“I will not allow democracy in Scotland to be a prisoner of Boris Johnson,” warned the chief minister and independence leader, Nicola Sturgeon, before the Scottish Parliament, at the time of challenging the ‘premier’ and putting on the table the supposed date for a new sovereign referendum: October 19, 2023.

Sturgeon has reported that he has decided to write to Johnson to allow a second independence referendum by activating section 30 of the Scotland Act, which allows the temporary transfer of powers to hold the call, as happened in 2014 when the then ‘premier’ David Cameron agreed to the demands of the then chief minister, Alex Salmond.

Boris Johnson has indicated, however, this time that he does not intend to give in and that the future of Scotland was decided “for a generation” in the consultation eight years ago, when he won permanence in the United Kingdom over independence by ten points ( 55% to 45%).

“If Westminster or the Supreme Court block the second referendum, independence will become our only claim and the next election will be a ‘de facto’ referendum,” warned the leader of the Scottish National Party (SNP), who has assured be ready to wage a parallel battle before the Supreme Court.

One day after the British Parliament gave its initial approval to the controversial law that unilaterally modifies the Irish Protocol, the Scottish Government has distinguished itself by publishing its own referendum law, which has stressed that the unequivocal question must be the same as in the first question: “Should Scotland be an independent country?”.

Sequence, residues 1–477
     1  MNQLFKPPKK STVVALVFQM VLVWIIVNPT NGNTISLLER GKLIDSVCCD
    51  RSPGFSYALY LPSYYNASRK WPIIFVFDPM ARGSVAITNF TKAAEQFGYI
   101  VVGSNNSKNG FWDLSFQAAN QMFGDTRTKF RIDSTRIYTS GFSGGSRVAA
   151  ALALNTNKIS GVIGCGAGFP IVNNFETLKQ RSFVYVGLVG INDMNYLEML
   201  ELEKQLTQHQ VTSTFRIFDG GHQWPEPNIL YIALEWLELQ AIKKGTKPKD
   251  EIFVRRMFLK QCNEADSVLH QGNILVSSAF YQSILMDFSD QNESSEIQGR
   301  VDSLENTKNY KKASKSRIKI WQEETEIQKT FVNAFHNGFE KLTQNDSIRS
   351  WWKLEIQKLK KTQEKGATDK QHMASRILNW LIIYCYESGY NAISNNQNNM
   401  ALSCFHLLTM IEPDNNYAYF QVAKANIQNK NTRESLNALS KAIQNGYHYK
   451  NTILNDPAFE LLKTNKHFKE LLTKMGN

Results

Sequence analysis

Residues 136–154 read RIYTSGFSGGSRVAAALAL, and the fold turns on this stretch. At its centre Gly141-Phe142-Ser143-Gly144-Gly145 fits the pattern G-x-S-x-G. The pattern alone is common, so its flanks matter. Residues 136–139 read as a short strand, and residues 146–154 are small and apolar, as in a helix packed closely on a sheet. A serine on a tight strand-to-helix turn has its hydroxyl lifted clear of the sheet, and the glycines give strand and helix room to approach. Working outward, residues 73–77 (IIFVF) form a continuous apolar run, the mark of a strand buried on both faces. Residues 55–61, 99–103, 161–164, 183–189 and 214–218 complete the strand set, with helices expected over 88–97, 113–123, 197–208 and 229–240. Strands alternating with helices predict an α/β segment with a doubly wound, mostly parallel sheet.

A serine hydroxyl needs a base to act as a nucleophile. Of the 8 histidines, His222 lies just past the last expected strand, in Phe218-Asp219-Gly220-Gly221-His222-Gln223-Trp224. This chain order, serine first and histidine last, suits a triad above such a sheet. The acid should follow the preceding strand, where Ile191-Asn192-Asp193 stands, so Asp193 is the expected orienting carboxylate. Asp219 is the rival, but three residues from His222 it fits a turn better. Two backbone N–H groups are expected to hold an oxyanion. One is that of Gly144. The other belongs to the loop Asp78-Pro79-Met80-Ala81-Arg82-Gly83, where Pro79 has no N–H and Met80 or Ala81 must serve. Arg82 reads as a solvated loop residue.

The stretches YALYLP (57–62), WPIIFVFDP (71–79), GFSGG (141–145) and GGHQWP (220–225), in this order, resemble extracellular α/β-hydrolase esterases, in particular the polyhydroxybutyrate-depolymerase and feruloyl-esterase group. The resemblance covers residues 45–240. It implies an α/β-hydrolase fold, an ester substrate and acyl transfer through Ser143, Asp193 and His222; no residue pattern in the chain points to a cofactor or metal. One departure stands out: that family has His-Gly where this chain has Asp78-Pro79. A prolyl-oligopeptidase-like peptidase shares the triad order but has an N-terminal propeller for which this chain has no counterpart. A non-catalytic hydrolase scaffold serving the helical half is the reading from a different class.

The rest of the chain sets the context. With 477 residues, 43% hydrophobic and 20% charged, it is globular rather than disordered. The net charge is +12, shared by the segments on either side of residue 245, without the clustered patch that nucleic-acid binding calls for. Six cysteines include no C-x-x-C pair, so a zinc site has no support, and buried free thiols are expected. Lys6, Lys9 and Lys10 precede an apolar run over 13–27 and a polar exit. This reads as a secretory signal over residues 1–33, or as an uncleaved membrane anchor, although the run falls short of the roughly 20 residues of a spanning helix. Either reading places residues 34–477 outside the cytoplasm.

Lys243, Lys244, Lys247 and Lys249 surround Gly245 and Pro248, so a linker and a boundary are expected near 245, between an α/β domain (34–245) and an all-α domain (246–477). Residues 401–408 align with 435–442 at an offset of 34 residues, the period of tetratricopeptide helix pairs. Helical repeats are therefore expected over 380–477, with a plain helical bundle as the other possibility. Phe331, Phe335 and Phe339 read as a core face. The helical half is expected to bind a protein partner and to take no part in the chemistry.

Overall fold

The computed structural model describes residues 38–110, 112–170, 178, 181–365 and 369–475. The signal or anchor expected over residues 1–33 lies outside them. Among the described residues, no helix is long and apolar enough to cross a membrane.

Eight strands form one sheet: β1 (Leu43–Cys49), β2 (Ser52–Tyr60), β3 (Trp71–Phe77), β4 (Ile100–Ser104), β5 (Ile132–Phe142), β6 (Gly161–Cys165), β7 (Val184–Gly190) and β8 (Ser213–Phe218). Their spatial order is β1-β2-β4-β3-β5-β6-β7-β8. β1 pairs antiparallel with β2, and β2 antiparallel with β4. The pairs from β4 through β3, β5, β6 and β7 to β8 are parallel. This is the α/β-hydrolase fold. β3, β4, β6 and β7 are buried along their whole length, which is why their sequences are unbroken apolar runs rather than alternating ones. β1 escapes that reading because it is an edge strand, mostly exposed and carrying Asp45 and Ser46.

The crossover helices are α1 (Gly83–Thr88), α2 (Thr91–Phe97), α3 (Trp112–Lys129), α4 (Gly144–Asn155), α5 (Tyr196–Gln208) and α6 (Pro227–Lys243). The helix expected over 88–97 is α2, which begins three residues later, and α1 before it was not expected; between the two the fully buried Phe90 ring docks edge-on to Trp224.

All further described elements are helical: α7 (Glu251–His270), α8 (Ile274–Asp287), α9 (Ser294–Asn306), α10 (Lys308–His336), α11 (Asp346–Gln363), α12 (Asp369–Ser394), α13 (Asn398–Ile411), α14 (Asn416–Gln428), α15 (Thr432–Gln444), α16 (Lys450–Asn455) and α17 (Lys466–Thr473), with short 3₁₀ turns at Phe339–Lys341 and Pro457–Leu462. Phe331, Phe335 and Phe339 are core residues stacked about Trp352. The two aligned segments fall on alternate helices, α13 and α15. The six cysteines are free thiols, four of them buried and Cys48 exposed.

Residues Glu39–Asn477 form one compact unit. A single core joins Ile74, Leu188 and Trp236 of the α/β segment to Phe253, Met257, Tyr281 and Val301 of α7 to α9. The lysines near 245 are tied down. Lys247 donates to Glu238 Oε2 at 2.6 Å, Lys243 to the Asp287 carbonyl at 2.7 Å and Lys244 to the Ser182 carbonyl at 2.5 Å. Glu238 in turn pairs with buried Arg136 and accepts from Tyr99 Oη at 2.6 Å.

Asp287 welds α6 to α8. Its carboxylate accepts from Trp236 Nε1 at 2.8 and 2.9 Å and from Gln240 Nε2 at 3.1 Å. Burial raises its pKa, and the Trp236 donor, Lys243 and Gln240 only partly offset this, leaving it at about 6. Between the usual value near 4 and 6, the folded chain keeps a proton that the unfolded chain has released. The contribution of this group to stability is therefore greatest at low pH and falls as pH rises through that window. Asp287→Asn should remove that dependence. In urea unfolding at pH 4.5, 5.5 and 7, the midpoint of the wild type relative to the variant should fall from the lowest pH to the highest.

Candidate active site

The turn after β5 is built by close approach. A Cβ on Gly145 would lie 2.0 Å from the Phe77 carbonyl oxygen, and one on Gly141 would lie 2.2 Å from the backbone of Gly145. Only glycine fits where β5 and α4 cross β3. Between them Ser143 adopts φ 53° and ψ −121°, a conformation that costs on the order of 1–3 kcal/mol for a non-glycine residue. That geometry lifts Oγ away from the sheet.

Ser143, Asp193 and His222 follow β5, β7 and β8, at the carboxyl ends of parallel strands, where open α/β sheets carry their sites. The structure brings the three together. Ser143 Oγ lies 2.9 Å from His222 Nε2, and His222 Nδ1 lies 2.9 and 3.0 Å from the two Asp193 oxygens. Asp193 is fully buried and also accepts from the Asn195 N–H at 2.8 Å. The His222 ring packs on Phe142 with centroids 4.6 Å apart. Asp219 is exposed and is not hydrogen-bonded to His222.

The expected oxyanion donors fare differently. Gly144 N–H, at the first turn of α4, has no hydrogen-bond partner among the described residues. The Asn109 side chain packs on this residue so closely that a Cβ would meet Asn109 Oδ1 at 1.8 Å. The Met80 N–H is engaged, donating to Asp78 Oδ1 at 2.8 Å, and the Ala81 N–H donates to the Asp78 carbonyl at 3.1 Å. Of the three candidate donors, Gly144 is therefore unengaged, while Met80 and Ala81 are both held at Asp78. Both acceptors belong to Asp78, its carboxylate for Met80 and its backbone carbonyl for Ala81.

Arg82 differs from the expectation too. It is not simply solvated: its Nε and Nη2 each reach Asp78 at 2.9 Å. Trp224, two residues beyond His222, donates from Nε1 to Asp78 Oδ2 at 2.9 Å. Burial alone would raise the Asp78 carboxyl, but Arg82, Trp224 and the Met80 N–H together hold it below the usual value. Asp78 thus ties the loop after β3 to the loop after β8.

“The question of independence cannot be suppressed, but decided democratically,” Sturgeon stressed. “Independence is about equipping ourselves to navigate the future, guided by our values, aspirations and interests. We are at a critical time in discussing and deciding the future of our country, but the British Government has unfortunately given up on respect our democracy.

The SNP leader has assured that Brexit has had a great economic impact on Scotland, as has the conservative government’s lukewarm response to the cost of living crisis. “We lack the tools to shape our economy and ensure our prosperity. We are not free to stop budget cuts, restore freedom of movement, or decide how to spend public money, while tens of thousands of children are pushed to poverty”.

The chief minister has insisted that the basis of her demands is the defense of “democratic rights” in Scotland, and that, therefore, the referendum must be “legal” and not merely consultative. After a rise in support for independence during the pandemic, the polls at this point give a tie between “yes” and “no”.

The leader of the Conservative Party in Scotland, Douglas Ross, has replied that holding a new referendum in 2023 would be “potentially illegal” and “deeply divisive”. Ross is, however, in a compromised position, having supported (along with 140 other deputies from his party) the motion of no confidence against Boris Johnson.

Nicola Sturgeon wanted, in any case, to take advantage of Johnson’s weakness to speed up her plans, aware that a change of leader in the Conservative Party or a Labor Party government could put a stop to her independence claims. The chief minister, in fact, kicked off the 2023 referendum two weeks ago, when she presented the first installment of the new “white paper” on independence, focused on economic issues and entitled: “Richer, happier and more fair Why not, Scotland?

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